• shareshare
  • link
  • cite
  • add
auto_awesome_motion View all 6 versions
Publication . Article . 2018

Controls on late-Holocene drift-sand dynamics : The dominant role of human pressure in the Netherlands

Pierik, H.J.; Van Lanen, Rowin; Gouw-Bouman, M.T.I.J.; Groenewoudt, Bert; Wallinga, Jakob; Hoek, W.Z.; Biogeomorphology of Rivers and Estuaries; +2 Authors
Open Access
Published: 01 Jan 2018
Country: Netherlands

Holocene drift-sand activity in the northwest European sand belt is commonly directly linked to population pressure (agricultural activity) or to climate change (e.g. storminess). In the Pleistocene sand areas of the Netherlands, small-scale Holocene drift-sand activity began in the Mesolithic, whereas large-scale sand drifting started during the Middle Ages. This last phase not only coincides with the intensification of farming and demographic pressure but also is commonly associated with a colder climate and enhanced storminess. This raises the question to what extent drift-sand activity can be attributed to either human activities or natural forcing factors. In this study, we compare the spatial and temporal patterns of drift-sand occurrence for the four characteristic Pleistocene sand regions in the Netherlands for the period between 1000 BC and AD 1700. To this end, we compiled a new supra-regional overview of drift-sand activity based on age estimates (14C, optically stimulated luminescence (OSL), archaeological and historical ages). The occurrence of sand drifting was then compared in time and space with historical-route networks, relative vegetation openness and climate. Results indicate a constant but low drift-sand activity between 1000 BC and AD 1000, interrupted by a remarkable decrease in activity around the BC/AD transition. It is evident that human pressure on the landscape was most influential on initiating sand drifting: this is supported by more frequent occurrences close to routes and the uninterrupted increase of drift-sand activity from AD 900 onwards, a period of high population density and large-scale deforestation. Once triggered by human activities, this drift-sand development was probably further intensified several centuries later during the cold and stormier ‘Little Ice Age’ (LIA; AD 1570–1850).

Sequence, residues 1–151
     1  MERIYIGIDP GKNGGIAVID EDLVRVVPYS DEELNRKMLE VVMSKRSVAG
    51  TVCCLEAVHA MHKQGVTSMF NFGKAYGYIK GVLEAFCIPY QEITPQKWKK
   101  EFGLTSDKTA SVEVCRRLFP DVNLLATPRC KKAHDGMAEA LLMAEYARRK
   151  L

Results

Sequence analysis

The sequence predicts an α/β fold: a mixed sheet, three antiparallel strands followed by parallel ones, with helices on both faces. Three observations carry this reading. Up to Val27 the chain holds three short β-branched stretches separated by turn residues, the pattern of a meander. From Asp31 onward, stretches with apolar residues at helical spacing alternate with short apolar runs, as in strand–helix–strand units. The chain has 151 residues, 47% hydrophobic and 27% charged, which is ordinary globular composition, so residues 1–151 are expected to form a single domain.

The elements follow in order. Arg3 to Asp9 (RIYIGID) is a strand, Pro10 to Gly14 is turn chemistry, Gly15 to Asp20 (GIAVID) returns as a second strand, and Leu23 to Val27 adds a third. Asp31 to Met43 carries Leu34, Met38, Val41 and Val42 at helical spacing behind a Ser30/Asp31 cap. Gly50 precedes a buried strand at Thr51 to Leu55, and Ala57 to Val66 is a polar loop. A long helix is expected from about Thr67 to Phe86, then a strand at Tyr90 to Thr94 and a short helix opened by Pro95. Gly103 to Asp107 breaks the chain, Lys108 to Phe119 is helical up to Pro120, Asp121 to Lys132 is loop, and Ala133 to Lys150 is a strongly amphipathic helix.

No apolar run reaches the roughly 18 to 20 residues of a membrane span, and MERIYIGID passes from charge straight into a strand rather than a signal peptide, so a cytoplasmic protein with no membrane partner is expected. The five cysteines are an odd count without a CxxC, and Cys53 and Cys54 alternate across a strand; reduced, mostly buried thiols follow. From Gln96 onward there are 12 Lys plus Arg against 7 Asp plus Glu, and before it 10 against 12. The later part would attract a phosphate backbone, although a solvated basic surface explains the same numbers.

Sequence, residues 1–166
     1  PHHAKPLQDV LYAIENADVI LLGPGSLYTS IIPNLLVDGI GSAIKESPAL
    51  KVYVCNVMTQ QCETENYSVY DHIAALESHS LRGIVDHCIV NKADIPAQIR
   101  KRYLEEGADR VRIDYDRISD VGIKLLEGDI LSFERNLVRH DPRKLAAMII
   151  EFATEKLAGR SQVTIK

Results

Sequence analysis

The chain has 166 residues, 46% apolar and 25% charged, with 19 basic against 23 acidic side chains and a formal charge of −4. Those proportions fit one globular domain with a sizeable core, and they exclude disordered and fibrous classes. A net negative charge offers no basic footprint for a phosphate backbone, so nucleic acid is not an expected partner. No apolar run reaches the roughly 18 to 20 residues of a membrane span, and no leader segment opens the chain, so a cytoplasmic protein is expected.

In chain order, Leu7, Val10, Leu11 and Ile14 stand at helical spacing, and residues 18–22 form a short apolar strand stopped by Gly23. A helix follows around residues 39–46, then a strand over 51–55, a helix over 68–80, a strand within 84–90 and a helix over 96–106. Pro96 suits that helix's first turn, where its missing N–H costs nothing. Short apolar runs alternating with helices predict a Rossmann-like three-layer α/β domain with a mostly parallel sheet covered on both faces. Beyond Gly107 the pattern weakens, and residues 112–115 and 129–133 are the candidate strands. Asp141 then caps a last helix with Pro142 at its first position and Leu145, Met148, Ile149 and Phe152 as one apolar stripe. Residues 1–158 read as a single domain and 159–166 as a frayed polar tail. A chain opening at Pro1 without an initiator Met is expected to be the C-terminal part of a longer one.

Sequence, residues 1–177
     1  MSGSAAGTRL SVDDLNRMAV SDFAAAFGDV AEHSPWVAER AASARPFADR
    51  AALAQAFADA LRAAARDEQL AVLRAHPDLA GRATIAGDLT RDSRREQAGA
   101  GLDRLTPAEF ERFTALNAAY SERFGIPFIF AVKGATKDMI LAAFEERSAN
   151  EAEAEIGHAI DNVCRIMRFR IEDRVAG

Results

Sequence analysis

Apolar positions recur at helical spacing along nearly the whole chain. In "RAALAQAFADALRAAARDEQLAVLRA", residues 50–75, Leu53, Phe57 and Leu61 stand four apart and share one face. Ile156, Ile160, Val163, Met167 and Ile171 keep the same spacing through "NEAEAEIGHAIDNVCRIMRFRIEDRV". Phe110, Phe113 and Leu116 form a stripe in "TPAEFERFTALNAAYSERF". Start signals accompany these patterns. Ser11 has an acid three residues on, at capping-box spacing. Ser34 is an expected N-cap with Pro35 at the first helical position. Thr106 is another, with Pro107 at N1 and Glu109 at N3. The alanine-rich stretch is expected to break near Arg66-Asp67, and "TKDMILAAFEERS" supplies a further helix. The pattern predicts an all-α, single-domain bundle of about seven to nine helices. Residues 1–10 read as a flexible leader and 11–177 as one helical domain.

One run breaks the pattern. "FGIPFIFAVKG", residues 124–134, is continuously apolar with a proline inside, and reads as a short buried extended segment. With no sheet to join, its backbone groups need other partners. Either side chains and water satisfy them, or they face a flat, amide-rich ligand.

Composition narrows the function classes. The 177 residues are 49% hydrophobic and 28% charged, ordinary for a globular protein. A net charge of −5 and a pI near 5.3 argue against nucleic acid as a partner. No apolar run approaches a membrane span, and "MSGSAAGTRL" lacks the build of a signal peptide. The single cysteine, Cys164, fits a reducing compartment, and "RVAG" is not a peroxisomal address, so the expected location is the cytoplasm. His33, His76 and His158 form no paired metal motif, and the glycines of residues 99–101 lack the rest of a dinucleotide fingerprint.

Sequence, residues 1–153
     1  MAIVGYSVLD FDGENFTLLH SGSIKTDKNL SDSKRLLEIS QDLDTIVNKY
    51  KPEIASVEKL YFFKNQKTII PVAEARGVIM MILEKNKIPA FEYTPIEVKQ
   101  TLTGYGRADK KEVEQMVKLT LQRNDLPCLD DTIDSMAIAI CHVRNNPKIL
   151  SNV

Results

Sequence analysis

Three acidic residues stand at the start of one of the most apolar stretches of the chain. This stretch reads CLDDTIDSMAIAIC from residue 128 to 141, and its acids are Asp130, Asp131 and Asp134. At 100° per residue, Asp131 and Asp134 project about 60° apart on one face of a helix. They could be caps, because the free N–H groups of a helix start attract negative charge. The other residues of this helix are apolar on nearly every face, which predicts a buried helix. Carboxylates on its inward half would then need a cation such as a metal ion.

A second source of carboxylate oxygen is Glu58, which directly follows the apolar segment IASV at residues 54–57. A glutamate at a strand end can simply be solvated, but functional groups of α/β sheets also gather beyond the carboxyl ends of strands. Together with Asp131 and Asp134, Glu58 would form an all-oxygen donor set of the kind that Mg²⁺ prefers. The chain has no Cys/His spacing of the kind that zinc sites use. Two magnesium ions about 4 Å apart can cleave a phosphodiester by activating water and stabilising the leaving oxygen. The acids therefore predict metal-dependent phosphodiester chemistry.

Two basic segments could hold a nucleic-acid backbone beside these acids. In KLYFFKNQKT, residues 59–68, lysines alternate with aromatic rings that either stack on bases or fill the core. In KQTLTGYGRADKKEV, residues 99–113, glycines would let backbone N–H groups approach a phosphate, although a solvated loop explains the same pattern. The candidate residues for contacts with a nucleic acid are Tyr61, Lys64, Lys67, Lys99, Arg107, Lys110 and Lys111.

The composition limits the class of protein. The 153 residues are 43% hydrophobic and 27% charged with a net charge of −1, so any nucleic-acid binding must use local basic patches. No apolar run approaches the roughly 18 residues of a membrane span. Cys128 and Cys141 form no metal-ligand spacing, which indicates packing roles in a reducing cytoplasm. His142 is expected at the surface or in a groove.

Subjects by Vocabulary

Microsoft Academic Graph classification: Physical geography Vegetation Pleistocene Geography Chronology Holocene Mesolithic Deforestation Period (geology) Climate change


PE&RC, Soil Geography and Landscape, Holocene, chronology, climate, drift-sand activity, human impact, vegetation development, Bodemgeografie en Landschap, Research Papers, Paleontology, Earth-Surface Processes, Ecology, Archeology, Global and Planetary Change

149 references, page 1 of 15

Alexanderson H Bernhardson M (2016) OSL dating and luminescence characteristics of aeolian deposits and their source material in Dalarna, central Sweden. Boreas 45: 876–893. [OpenAIRE]

Ash JE Wasson RJ (1983) Vegetation and sand mobility in the Australian desert dunefield. Zeitschrift fur Geomorphologie 45: 7–25.

Bagnold RA (1941) The Physics of Blown Sand and Desert Dunes. London: Methuen & Co.

Bateman MD Godby SP (2004) Late-Holocene inland dune activity in the UK: A case study from Breckland, East Anglia. The Holocene 4: 579–588. [OpenAIRE]

Bateman MD Van Huissteden J (1999) The timing of last-glacial periglacial and aeolian events, Twente, eastern Netherlands. Journal of Quaternary Science 14(3): 277–283.

Bateman MD Rushby G Stein S et al (2018) Can sand dunes be used to study historic storm events? Earth Surface Processes and Landforms 43: 779–790. [OpenAIRE]

Berendsen HJA (1984) The evolution of the fluvial area in the western part of the Netherlands from 1000-1300 AD. Geologie en Mijnbouw 63(3): 231–240.

Bisschops JH Broertjes JP Dobma W (1985) Toelichtingen bij de geologische kaart van Nederland 1: 50.000. Blad Eindhoven West (51W). Haarlem: Rijks Geologische Dienst.

Bohncke SJP (1991) Palaeohydrological changes in the Netherlands during the last 13.000 years. PhD Thesis. Amsterdam: Vrije Universiteit.

Bosch JHA (1990) Toelichtingen bij de Geologische kaart van Nederland 1:50.000. Blad Assen West (12W) en Blad Assen Oost (12O). Haarlem: Rijks Geologische Dienst.